There’s a lot of snobbery in the air when someone mentions self-publishing. A lot of pursed lips and tut-tutting. It’s the last resort of a poor writer having been rejected by countless agents and publishers, isn’t it?
Many think so, sadly.
I’ve read a few SP books and loads of traditionally placed books and have found errors in both. Funny, they are called spelling errors in SP books, but printing errors in books with a publishing house behind them.
I suppose I’m biased having written and POD-published my last two books. I regret not finding a decent designer for the Eden but I discovered Jane Dixon for A Proper Charlie who supplies fantastic covers to your design at a great price.
Self-publishing, POD, vanity, Indie, whatever you call it is second best but only because you are editor, promoter, and writer all rolled into one neat ball, and being all of those is a lonely and time-consuming business (especially when all you want to do is write!).
The real downside is the confidence thing. You always wonder if, because you’re ON YOUR OWN, you’re good enough. It’s always there at the back of your mind.
I have made a list of the pros and cons of self-publishing to help you make up your mind.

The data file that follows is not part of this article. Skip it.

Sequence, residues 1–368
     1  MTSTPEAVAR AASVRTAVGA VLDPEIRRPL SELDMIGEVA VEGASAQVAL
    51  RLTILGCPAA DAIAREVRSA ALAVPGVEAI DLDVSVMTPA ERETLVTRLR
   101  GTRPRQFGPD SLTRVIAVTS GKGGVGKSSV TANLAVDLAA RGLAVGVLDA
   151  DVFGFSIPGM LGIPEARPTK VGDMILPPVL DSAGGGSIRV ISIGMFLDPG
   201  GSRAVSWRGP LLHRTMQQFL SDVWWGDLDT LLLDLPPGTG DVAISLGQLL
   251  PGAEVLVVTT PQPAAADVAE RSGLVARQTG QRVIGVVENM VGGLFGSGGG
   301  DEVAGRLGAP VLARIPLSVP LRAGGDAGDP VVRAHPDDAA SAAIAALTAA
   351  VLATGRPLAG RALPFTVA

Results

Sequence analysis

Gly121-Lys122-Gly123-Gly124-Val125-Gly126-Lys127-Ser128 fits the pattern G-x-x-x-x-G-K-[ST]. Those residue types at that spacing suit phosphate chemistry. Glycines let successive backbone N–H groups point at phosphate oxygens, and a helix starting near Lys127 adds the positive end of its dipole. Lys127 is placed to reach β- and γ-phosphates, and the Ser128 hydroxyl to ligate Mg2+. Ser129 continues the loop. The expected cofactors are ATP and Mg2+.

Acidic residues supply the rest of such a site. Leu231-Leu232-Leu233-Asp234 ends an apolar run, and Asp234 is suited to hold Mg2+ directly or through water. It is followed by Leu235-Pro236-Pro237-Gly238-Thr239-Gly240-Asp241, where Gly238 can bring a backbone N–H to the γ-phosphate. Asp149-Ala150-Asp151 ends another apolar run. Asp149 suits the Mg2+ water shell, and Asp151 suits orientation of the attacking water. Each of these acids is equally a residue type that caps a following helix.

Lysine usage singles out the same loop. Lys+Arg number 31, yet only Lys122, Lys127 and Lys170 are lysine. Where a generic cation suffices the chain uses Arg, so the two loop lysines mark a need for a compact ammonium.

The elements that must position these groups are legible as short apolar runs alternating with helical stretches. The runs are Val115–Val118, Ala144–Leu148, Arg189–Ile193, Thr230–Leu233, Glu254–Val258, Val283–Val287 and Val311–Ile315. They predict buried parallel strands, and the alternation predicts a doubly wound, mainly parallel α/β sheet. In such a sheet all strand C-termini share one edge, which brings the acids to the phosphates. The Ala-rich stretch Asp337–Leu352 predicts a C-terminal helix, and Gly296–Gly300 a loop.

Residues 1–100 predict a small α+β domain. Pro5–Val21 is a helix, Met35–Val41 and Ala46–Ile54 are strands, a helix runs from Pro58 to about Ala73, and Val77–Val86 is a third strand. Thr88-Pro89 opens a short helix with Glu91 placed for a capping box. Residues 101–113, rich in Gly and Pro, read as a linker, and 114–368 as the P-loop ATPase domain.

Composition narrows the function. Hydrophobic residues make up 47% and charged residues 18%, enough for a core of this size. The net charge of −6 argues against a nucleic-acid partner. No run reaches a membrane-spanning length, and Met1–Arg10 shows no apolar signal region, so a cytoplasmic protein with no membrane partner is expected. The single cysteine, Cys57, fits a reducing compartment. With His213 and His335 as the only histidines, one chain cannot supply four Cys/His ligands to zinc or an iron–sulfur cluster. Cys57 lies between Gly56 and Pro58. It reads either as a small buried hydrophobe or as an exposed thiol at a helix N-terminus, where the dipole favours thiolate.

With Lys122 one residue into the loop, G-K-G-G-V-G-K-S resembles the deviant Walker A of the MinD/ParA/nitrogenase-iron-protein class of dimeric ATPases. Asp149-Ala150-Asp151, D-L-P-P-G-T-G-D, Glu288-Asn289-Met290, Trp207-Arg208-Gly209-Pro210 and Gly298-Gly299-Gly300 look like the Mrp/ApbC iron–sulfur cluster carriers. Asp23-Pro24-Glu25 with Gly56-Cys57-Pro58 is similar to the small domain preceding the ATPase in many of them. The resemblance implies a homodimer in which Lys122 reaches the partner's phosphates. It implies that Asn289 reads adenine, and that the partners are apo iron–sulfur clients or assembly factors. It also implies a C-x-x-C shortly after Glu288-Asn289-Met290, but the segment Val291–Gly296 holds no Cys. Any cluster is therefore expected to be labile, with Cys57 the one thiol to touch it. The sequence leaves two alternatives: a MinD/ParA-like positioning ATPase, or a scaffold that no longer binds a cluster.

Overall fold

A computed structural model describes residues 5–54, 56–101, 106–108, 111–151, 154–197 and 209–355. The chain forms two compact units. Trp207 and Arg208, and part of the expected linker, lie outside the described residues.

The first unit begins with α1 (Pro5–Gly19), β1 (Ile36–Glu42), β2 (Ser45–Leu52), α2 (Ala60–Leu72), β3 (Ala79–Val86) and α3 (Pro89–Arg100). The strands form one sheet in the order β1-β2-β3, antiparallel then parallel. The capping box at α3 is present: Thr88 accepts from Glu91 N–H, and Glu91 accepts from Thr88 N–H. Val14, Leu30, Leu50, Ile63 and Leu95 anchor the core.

Pros (the Latin word for “for”)
- The author keeps the majority of the profit.
- If you pay for an ISBN number you’ll automatically be on Amazon and other on-line shops.
- No-one can demand you change this or that before publication.
- An excuse to use social networks because you’re promoting your book.
- There’s no deadline to work to.
- Print on demand (POD) is cheap nowadays. No need to use an expensive vanity press.
- POD is easy and straightforward with sites like Lulu or YouWriteOn.com
- No more rejections.
- There is a lot of prejudice about being a POD/Indie/self-publisher. In the end this may get you down.
- You may find the entire process daunting. From the outside it does look difficult.
- You’re totally on your own. No-one cares about your book other than you.
- Marketing on social networks is one thing, but how are you at giving talks, book signings and getting shops like Waterstones interested in stocking your book?
- You risk having your book out in the big wild world with all its faults if you have not properly edited.
- Once you’ve self-published landing an agent or publisher with that particular book is very unlikely.
- Having a garden shed full of books (if you’ve chose vanity publishing).
- Lacking time. You want to write, not chase publicity.